On a 15-13 vote, the Arizona Senate gave initial approval to a bill that would prohibit the state from using the Common Core educational standards.

Arizona adopted the Common Core standards in 2010 without opposition, but some Republicans have recently denounced the standards, saying they are a poorly conceived, federally-driven effort that usurps states' rights. Gov. Jan Brewer has supported the standards and renamed them the Arizona College and Career Ready Standards.

Bill sponsor Sen. Al Melvin, R-Saddlebrook, said Arizona can do a better job of implementing standards than the federal government.

Sen. David Bradley, D-Tucson, asked Melvin to explain his opposition.

"You said there were some assertions the standards lead to some pornographic material, that the math was fuzzy, that type of thing and I ask you to cite those and I’m not sure that you did so. If they are here please let us know and where are they?" Bradley said.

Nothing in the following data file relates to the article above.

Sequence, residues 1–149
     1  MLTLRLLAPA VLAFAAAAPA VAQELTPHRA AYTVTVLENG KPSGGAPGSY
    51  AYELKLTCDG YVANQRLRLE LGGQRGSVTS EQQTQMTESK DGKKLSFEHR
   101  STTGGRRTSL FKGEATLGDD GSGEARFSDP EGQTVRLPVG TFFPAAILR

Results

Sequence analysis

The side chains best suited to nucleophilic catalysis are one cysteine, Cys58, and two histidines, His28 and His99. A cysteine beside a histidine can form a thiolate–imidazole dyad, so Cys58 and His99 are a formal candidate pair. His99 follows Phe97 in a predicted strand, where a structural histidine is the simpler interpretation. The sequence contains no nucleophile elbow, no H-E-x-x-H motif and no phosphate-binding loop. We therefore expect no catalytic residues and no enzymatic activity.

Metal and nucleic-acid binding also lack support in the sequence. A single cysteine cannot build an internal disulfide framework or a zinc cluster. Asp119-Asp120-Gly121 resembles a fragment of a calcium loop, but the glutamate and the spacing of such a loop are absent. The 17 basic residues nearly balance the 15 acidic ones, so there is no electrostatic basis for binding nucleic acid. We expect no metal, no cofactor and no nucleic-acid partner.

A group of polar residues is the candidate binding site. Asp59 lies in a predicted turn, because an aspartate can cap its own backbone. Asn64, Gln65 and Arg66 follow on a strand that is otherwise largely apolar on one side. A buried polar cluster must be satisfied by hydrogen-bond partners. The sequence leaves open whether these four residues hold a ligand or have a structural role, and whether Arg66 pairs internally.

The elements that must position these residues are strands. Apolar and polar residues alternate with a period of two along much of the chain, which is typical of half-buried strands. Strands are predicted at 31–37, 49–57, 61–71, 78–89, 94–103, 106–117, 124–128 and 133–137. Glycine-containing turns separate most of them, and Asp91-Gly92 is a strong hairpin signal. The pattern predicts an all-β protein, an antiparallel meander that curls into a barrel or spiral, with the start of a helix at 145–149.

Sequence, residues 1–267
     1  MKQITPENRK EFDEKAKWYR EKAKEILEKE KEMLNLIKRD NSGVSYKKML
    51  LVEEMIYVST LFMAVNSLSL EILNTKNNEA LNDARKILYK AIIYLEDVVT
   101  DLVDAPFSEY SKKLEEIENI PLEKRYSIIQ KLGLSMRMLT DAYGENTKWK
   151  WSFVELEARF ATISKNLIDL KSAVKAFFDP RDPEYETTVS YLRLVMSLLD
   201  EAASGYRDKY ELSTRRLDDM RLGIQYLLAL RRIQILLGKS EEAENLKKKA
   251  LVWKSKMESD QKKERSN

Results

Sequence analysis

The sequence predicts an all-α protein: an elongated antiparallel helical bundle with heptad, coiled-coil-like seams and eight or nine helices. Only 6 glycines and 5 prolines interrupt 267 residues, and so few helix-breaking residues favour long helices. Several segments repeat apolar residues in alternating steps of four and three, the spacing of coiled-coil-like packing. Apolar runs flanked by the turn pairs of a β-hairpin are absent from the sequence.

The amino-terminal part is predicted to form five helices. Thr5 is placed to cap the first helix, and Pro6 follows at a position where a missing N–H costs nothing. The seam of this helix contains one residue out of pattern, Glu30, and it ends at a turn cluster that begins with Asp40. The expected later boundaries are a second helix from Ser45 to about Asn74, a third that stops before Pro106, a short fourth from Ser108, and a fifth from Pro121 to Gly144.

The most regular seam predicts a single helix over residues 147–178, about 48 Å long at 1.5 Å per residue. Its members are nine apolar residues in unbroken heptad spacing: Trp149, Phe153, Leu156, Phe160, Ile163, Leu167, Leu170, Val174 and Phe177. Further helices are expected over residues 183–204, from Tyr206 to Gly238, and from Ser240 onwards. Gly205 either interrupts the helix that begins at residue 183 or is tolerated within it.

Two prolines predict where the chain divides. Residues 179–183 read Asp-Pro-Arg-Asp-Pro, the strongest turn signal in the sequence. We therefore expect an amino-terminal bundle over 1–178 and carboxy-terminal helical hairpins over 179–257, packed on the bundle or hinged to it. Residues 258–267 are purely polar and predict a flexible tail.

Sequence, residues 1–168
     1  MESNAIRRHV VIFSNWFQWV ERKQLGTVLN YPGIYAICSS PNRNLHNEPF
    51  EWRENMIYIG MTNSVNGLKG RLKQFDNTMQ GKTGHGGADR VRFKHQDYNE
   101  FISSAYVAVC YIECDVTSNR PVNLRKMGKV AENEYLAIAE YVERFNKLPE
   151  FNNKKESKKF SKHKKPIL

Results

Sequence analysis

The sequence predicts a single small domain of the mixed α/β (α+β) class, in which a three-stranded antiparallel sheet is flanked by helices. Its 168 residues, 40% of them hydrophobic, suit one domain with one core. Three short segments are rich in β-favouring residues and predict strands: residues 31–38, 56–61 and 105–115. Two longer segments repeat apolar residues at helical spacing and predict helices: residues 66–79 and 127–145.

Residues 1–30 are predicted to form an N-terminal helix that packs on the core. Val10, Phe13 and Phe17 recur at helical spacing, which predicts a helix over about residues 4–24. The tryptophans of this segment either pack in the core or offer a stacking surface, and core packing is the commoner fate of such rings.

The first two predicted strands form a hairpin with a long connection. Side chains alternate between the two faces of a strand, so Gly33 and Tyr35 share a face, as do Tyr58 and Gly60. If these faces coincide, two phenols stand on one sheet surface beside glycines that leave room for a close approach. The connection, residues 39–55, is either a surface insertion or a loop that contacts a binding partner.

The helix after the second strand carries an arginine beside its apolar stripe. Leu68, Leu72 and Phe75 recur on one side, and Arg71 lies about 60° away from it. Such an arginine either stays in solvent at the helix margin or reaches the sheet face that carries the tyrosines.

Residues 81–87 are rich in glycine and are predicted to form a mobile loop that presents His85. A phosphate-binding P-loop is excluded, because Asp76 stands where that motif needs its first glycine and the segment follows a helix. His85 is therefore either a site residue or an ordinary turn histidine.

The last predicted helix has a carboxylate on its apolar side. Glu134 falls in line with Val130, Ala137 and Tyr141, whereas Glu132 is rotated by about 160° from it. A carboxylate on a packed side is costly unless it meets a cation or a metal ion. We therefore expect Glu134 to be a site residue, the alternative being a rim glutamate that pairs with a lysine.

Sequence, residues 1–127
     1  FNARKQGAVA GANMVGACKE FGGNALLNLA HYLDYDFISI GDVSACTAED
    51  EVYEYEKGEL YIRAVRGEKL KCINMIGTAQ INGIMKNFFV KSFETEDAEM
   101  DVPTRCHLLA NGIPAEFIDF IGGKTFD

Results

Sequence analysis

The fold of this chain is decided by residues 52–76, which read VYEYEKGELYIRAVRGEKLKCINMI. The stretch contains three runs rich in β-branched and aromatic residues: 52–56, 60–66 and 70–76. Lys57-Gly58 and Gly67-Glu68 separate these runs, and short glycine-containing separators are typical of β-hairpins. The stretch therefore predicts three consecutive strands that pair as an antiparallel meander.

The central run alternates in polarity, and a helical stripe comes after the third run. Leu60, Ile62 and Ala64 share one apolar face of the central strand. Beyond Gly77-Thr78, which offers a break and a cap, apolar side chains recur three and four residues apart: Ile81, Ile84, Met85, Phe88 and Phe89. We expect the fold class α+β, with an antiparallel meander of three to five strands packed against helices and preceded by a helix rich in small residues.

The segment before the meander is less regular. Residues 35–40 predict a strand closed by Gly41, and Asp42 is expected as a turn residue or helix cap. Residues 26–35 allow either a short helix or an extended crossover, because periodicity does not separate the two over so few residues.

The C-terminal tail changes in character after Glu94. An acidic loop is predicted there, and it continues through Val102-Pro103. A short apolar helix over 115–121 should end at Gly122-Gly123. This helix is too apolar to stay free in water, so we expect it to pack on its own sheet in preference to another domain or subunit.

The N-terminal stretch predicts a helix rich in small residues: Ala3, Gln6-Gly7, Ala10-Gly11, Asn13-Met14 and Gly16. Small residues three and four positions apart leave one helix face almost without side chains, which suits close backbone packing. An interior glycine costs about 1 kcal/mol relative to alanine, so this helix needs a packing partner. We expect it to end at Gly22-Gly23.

Melvin put the question back on Bradley.

"I leave it to you, Sen. Bradley, to find them. I’m just telling you I believe a majority of citizens in our state don’t want Common Core," Melvin replied.

Supporters of the standards say they will better prepare students for jobs, and that eliminating the program would cost the state millions in federal funding and would make the state less economically competitive.

Arizona and most other states have already begun implementing the standards.

The proposal still needs a final vote in the Arizona House and Senate before being sent to Brewer's desk.

The Associated Press contributed to this story